Although they begin with conventional dramatic incidents, the films don't follow the usual development of tension and narrow plot lines found in the bourgeois narrative film — the formats and narrative codes of which Gómez has borrowed. His films' plots continually open up new possible connections. Each incident, each forward movement in the plot, creates new possibilities for action, more concerns that the characters and we must consider, and new connections between those elements which had been presented before — all of which must constantly be seen in a new light, from a new perspective.

In NOW IT'S UP TO YOU, what starts out as a simple matter of arson quickly becomes an analysis and critique of the whole social unit — here the timber cooperative. The head of production has been too rigid as a boss and too concerned with meeting quotas. As a result, he didn't involve other workers in decision making and didn't listen to their ideas about the work process even when they told him that things weren't going well. The head of the union realized just before the fire, but too late to stop it, that he and his comrades had been apathetic. They saw that things weren't right and had criticisms, but they didn't pursue the matter. The main health worker (played by Idalia Anreus) emerges from the flashbacks as having been very clear sighted about the problems at the cooperative. She was one of the most dedicated and hardest working people in the group and continually argued with the administrator about how the farm was being managed. Only at the film's dramatic climax do we realize that she was one of the victims of the fire.

The personal and political relationships on the farm led to black market activity around the warehouse. Its superintendent was taking things home to sell to his friends, including the counterrevolutionaries. At the trial, it turns out that the arsonists obtained the gas they used to start the fire from the warehouse, the burned-out shell of which is now the setting for the trial.

However, the forestry workers also contain among them a strong revolutionary counter force, centered primarily on the Idalia Anreus character, and this revolutionary determination is also documented in the flashbacks. In fact, a number of the workers who have become aware of the pilfering use an evening cultural event to expose the head of the warehouse. In a series of skits, they reenact the guilty man's activities. Up until this time the farm's administrator rejected warnings that such pilfering had been going on. Yet after this performance of political protest, the cultural event dissolves into chaos and a near-brawl ensues because of the outrage people have felt all along about the mismanagement and pilfering. At this point, people notice the fire and rush off to fight it. The internal and external threats to socialist reconstruction come to a head at the same time — revealing the deep connection between them.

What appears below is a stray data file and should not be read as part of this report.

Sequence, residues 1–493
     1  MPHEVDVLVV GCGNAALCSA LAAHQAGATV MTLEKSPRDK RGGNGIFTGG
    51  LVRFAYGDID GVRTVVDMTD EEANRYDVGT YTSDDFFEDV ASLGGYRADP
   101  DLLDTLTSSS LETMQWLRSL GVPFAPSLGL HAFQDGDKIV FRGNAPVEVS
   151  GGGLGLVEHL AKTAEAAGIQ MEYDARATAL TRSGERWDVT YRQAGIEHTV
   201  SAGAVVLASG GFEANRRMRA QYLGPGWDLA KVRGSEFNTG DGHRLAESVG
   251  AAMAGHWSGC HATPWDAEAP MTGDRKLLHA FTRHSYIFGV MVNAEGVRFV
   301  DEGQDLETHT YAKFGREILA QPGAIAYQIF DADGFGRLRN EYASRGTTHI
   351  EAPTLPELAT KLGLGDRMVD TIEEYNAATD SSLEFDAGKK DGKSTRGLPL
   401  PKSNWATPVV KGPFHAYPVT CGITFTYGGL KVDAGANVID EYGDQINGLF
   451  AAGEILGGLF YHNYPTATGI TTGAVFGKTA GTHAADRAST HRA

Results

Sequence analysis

As mentioned above, the film opens out to the audience at the end. Manual Octavio Gómez offers no pat solutions to the social problems he raises. Instead his narrative develops political principles to guide political behavior. Both the prosecuting and defense attorneys are shown working together in a courtroom situation that encourages dialectical rather than dogmatic thinking. Gómez involves the film's audience in the same kind of process the forestry workers are participating in at the trial. The Cuban film audience and the fictional workers view a drama about the very basis of their existence — the production process. In both cases the audiences are encouraged to see their own work group not as a collection of isolated individuals but as a whole social unit for which they are ultimately responsible. In a very direct way it's now up to both of these audiences to take responsibility. The director lays out contradictions and complexities and not certainties. NOW IT'S UP TO YOU says that working politically, building a socialist society is a matter of ongoing struggle, of constantly applying what we know to what we are doing, then testing the results.

A WOMAN, A MAN, A CITY also starts out simply. A housing director dies in a car accident. A young, recent graduate replaces her — it happens all the time. But Marisa's effect on the people around her and Miguel's curiosity, aggravation, and pride lead him to find out more about her — and in the process more about the city and himself. His personal life — his marriage, apartment, and friends, his interesting professional job, in fact his whole personal situation in Havana — seems to him to be in order. But the film reveals that his political life and his commitment to the revolution are unexamined and weak. This contradiction becomes especially obvious when his primary technical concerns about the job — procedures, paper work, etc. — are compared with Marisa's sensitivity to and understanding of the needs of the city and its people.

As Miguel finds out more about Marisa and becomes more involved in the city and its people, he begins to change. We see his discomfort with his Havana friends, who are shown as aloof professionals living the good life in the capital. As Miguel changes, he also has difficulty relating to his wife, an architect who has no personal or even political relation with the working people who will live in the apartment houses she is designing. At the end we see Miguel in the back of a truck with a boyhood friend and his wife, neither of whom have ever left Nuevitas. They are all on their way out to work in the countryside. Miguel has decided to stay in Nuevitas.